From the best-selling author of Drive and A Whole New Mind comes a surprising - and surprisingly useful - new book that explores the power of selling in our lives.
According to the U.S. Bureau of Labor Statistics, one in nine Americans works in sales. Every day more than 15 million people earn their keep by persuading someone else to make a purchase.
But dig deeper and a startling truth emerges: Yes, one in nine Americans works in sales. But so do the other eight.
Whether we’re employees pitching colleagues on a new idea, entrepreneurs enticing funders to invest, or parents and teachers cajoling children to study, we spend our days trying to move others. Like it or not, we’re all in sales now.
To Sell Is Human offers a fresh look at the art and science of selling. As he did in Drive and A Whole New Mind, Daniel H. Pink draws on a rich trove of social science for his counterintuitive insights. He reveals the new ABCs of moving others (it's no longer "Always Be Closing"), explains why extroverts don't make the best salespeople, and shows how giving people an "off-ramp" for their actions can matter more than actually changing their minds.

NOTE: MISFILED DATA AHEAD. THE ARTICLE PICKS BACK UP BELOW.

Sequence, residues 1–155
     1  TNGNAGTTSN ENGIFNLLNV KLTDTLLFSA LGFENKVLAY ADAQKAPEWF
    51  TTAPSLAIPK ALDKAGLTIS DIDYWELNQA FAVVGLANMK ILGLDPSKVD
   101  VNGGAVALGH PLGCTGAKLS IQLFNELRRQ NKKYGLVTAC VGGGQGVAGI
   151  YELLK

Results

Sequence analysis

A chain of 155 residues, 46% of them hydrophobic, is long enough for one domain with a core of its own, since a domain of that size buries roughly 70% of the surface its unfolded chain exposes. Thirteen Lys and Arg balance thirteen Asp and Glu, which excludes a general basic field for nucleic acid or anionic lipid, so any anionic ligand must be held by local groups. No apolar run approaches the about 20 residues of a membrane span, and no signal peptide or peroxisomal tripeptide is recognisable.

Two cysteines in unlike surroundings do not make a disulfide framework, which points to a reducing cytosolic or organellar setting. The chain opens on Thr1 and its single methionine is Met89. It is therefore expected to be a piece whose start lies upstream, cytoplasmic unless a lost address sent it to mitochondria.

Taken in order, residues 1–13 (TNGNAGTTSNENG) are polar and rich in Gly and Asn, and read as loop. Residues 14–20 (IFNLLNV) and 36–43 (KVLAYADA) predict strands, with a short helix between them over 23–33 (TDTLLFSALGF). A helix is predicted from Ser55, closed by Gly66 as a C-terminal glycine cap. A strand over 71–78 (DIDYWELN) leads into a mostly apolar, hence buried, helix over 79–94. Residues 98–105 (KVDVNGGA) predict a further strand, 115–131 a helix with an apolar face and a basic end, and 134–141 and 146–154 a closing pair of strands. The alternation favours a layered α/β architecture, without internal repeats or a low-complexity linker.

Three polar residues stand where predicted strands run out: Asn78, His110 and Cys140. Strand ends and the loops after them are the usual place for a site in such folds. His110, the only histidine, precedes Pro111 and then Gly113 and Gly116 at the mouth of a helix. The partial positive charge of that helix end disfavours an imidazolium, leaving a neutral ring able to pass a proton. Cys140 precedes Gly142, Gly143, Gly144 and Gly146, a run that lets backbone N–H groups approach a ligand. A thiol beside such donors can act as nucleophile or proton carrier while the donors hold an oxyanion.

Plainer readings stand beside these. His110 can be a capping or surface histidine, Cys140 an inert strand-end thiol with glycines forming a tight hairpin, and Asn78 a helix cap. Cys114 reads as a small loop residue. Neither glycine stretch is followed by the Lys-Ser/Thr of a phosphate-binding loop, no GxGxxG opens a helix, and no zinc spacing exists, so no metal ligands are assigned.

Along the way, Pink describes the six successors to the elevator pitch, the three rules for understanding another's perspective, the five frames that can make your message clearer and more persuasive, and much more. The result is a perceptive and practical book - one that will change how you see the world and transform what you do at work, at school, and at home.
©2012 Daniel H. Pink (P)2012 Penguin Audio
I have joined audible to replace my junk filled brain with motivational/historical and influencial downloads! So excited to expand!